Arts & Eventz

New: LA VOIX HUMAINE: “Can You Hear Me Now?”

Reviewed by James Roy MacBean
Sunday March 19, 2017 - 02:12:00 PM

Under the auspices of San Francisco Opera Lab, Francis Poulenc’s one-act opera La Voix Humaine, set to a text by Jean Cocteau, was given three performances March 11, 14, and 17 at Taube Atrium Theatre. Italian soprano Anna Caterina Antonacci, who was last heard here in 2015 as Cassandre in Berlioz’s Les Troyens and as Cesira in the world premiere of Marco Tutino’s Two Women, sang the role of the never-named woman whose voice is the only one we hear in La Voix Humaine as she talks on the telephone with her lover of five years who is now breaking up with her, much to her distress. We hear nothing of the man on the other end of the phone line. The full weight of this opera must be carried by one singing actress who can make it work dramatically. -more-


Handel’s Atalanta at San Francisco Conservatory of Music

reviewed by James Roy MacBean
Friday March 17, 2017 - 04:25:00 PM

The opera Atalanta by George Friederic Handel received a semi-staged production last weekend, March 11-2, at San Francisco Conservatory of Music. Handel composed Atalanta for the events celebrating the 1736 wedding of Frederick, Prince of Wales, to Princess Augusta of Saxe-Gotha. The story of Atalanta is drawn from the pastoral tradition of ancient Greek writers, who delighted in depicting the simple life of shepherds and nymphs. Here the story revolves around two couples: the shepherd Aminta and the nymph Irene, and the noble couple comprised of Meleagro, King of Aetolia, and Atalanta, Princess of Arcadia. To complicate matters, both Meleagro and Atalanta appear in disguise, he as the shepherd Tirsi, she as the huntress Amarilli. In a ‘back-story’, Atalanta had rebuffed the marriage proposal of Meleagro and had gone off instead to imitate the chaste goddess of the hunt, Artemis. -more-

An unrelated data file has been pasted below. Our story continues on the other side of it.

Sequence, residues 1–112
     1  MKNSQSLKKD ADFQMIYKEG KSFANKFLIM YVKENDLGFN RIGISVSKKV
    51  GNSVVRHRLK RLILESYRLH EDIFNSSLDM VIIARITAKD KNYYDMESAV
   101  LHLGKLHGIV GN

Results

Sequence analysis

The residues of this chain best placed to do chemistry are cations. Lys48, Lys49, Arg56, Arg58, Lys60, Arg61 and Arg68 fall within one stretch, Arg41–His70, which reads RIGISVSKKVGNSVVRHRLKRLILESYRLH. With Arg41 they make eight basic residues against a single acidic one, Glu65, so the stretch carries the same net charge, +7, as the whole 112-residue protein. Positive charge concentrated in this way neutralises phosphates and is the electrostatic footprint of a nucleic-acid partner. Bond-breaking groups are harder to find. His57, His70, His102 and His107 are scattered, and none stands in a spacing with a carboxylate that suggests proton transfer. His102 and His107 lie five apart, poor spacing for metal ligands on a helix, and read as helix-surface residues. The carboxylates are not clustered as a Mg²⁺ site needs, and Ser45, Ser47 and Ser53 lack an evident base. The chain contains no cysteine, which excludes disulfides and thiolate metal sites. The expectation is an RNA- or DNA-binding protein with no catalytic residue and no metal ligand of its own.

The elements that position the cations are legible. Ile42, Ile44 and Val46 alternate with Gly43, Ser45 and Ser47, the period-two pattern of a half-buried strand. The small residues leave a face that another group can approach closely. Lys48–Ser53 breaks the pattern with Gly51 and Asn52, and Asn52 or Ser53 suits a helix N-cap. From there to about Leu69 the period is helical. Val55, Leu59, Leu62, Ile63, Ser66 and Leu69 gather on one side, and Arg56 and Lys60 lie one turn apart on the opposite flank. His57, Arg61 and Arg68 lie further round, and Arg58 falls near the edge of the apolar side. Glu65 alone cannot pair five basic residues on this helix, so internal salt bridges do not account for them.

Theater Review: 'Bus Stop' at Ross Valley Players

Ken Bullock
Friday March 17, 2017 - 12:05:00 PM

One of the genuinely iconic pictures of modern Americana—and its discontents—is Edward Hopper's famed and oft-reproduced 1942 painting, 'Nighthawks,' depicting "Night + brilliant interior of cheap restaurant," as Hopper's wife Jo noted in the log they kept of each painting he did ... Four figures inside, glass all round, bathed in light as if on display to the lonely night streets of New York outside that offer stark contrast.

Thirteen years later, William Inge's play, 'Bus Stop,' became a hit on Broadway and within a year, was made into a somewhat different movie adaptation in Hollywood, also a hit, starring Marilyn Monroe. The movie's usually remembered as a star vehicle, the play as postwar Americana. -more-


AROUND AND ABOUT Film: Rob Stewart Memorial Screening, Two Ecology Documentaries at East Bay Media Center

Ken Bullock
Friday March 17, 2017 - 12:03:00 PM

East Bay Media Center will present three memorial screenings of Rob Stewart's cology documentaries 'Sharkwater' (2008, which helped in the banning of shark finning, winning 22 international awards, and 'Revolution' (2012), receipient of 36 international awards, this Friday and Saturday, March 17 & 18, at 7, Sunday, March 19 at 2, at the Center, 1939 Addison, between MLK & Milvia, downtown Berkeley. Tickets: $6, at the door or online at www.eastbaymediacenter.com or email: maketv@ aol.com 843-3699 -more-